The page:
But in COVID times, these closed blocks stayed in effect long-term — allowing restaurants and fitness clubs to move their businesses onto streets and sidewalks. The benefits were practically immediate, from reduced pedestrian injuries to lower noise/air pollution.

A parallel trend, bikes boomed during the pandemic. While traditional bikes stayed on backorder for months, US e-bike sales surged by 240%.

Next up, Paris just rolled out plans to become a 100% cyclable city, while others push for “playable” cities as the next step forward.

Greenery. Green spaces mitigate environment-driven mental health problems while counteracting carbon pollution. In fact, Central Park was created in the name of public health in response to a cholera epidemic.

Today, most cities are more concrete jungle than actual jungle — much to our own detriment.

But there are exceptions. With some of the healthiest residents in the world, over 40% of Singapore is covered in green, with 30% tree canopy cover and 300km of lush forest corridors throughout the city.

For many overcrowded American metropolises, the answer is turning greener from inside out. Vertical farming startups like Bowery and Plenty are scaling up in urban areas to tackle food deserts.

Real estate. Unwilling to wait for lawmakers, health seekers are moving into wellness-minded communities. Amenities in these sanctuaries aim to support holistic health, from circadian lighting to air filtration tech to community-centric design.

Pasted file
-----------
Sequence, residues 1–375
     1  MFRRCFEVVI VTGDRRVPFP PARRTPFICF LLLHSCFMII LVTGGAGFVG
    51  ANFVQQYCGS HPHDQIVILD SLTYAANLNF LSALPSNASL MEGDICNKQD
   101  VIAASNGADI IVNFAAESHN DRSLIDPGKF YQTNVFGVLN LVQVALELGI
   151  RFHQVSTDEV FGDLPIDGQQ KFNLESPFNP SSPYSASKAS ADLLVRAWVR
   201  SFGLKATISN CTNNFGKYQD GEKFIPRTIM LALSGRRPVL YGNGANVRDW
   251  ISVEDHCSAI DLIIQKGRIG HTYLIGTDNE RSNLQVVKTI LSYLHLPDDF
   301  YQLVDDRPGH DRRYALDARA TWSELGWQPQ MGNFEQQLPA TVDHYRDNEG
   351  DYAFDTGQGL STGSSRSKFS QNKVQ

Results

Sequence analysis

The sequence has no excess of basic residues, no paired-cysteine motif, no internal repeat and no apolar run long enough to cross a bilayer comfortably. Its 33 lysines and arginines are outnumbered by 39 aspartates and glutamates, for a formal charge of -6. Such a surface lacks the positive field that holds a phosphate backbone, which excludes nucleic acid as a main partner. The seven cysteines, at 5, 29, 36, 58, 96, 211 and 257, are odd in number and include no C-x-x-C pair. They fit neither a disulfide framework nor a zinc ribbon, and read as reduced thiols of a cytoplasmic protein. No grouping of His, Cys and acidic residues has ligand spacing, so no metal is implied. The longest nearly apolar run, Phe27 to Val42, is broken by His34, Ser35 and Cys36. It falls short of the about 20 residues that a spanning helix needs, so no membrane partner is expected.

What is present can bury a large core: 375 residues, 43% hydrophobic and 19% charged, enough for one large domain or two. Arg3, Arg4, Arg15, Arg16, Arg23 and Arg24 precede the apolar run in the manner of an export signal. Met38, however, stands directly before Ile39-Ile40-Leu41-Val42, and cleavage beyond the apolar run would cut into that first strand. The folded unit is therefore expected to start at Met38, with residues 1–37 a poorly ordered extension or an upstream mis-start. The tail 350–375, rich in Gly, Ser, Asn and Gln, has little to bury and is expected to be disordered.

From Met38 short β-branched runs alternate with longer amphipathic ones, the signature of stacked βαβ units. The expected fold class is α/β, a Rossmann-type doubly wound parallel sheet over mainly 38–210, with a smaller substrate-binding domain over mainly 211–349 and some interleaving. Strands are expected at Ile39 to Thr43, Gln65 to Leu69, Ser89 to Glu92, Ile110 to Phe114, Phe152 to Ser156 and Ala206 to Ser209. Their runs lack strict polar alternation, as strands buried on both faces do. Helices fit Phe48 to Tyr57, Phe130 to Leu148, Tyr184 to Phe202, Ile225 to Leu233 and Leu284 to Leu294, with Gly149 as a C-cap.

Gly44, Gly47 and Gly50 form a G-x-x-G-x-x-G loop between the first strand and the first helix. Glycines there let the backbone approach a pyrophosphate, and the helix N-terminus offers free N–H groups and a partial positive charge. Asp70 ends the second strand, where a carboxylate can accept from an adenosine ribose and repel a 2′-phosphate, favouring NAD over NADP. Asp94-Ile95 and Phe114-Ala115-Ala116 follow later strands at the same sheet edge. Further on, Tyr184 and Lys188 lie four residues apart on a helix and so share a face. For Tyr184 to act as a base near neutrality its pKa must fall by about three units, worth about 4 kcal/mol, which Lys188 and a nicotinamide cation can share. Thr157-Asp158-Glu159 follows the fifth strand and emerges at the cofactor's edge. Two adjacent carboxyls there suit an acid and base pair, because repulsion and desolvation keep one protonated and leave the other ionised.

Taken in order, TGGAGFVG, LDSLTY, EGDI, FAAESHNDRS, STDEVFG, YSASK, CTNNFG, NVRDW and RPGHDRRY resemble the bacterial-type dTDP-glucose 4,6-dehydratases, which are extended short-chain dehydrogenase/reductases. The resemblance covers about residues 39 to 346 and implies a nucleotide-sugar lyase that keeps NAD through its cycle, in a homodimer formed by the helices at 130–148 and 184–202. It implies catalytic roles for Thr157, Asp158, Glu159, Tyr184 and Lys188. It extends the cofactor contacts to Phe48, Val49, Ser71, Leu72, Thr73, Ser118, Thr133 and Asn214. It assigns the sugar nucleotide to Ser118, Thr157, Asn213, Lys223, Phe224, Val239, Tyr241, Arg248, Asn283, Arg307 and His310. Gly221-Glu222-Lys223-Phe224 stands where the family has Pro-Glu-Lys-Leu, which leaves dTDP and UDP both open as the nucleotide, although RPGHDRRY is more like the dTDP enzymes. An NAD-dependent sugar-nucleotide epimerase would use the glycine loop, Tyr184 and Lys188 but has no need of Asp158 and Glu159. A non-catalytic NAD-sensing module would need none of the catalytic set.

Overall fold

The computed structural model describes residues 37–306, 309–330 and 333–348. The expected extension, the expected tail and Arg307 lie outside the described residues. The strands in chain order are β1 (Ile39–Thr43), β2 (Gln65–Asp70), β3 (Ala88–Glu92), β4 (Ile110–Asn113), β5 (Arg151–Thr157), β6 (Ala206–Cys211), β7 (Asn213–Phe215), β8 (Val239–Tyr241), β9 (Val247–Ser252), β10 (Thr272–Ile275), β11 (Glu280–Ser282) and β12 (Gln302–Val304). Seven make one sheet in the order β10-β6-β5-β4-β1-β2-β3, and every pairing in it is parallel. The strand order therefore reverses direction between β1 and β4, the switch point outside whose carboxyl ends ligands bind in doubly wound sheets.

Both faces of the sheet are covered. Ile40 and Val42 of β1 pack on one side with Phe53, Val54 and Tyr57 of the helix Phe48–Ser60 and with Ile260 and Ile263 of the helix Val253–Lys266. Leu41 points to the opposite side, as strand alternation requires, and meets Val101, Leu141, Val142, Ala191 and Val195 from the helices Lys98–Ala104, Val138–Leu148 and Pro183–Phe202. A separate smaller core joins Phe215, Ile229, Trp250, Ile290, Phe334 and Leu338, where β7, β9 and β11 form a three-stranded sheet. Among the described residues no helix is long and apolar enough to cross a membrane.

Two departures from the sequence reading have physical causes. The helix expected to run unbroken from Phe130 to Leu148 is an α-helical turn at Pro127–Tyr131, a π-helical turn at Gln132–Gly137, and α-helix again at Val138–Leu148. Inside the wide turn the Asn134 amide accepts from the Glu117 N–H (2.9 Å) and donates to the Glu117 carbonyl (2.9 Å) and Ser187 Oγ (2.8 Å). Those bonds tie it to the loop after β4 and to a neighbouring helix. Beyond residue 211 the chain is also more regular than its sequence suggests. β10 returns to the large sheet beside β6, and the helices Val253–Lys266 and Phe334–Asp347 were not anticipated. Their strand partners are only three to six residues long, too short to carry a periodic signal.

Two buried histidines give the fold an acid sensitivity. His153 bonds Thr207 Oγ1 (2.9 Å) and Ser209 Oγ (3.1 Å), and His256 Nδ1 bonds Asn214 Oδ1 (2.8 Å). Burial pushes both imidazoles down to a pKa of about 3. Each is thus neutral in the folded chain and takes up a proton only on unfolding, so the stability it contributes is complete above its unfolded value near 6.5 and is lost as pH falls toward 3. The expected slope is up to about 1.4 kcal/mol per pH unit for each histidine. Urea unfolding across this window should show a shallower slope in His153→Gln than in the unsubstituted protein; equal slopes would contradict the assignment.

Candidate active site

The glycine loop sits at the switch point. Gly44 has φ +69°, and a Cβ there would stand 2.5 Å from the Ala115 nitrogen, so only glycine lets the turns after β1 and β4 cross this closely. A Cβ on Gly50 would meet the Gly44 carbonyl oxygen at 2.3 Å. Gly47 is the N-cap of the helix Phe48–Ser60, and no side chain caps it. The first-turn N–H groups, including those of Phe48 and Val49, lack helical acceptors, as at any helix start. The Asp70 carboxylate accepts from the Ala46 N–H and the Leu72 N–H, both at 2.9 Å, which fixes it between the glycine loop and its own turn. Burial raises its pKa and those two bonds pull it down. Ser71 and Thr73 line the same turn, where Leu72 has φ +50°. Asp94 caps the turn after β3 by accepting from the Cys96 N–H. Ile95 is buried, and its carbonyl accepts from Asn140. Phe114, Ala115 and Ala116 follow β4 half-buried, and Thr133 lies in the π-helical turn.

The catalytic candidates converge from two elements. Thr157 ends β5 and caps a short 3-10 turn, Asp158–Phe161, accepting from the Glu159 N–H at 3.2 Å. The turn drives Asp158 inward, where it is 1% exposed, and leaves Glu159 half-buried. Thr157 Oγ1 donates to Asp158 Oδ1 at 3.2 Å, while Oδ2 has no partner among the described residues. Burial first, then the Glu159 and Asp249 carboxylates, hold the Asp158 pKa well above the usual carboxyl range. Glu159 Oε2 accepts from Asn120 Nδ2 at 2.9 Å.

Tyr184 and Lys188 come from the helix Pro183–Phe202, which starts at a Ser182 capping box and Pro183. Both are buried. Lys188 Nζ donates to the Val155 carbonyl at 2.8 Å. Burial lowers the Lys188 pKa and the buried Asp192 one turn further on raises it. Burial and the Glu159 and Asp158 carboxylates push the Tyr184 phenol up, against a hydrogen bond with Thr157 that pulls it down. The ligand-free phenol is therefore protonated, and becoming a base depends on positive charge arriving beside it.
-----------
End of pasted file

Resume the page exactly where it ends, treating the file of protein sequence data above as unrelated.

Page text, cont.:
Major players like Delos have made headway here, tapping a surging global wellness real estate market that has nearly doubled in recent years. Meanwhile, projects like Gravity in Columbus are betting that wellness centers will become the new golf course retirement communities.

Getting Smart

In the past, public and private sectors have struggled to work together (even Google-backed Sidewalk Labs fell short). But COVID is reshaping public-private partnerships, and now an overwhelming majority of city leaders are investing in smart city tech.

The potential impact is massive — experts estimate that nearly 20% of all deaths could be prevented if cities followed international recommendations for factors of health.

  • Assisting with data collection, MIT’s Senseable City Labs attaches sensors to existing city infrastructure to map air quality, heat, and noise.
  • Honing in on buildings, architects are integrating neuroaesthetics into building designs for mental well-being.

Punchline: Beyond fitness apps, health wearables, and connected equipment, there is an urgent need to reexamine the environmental factors that impact our well-being.

Though innovations are promising, technology alone cannot drive health for urban populations. In the coming years, urban planners will need to operate at the intersection of health and design, weaving in tech that complements, not complicates, our urban jungles.


⛰ Climb On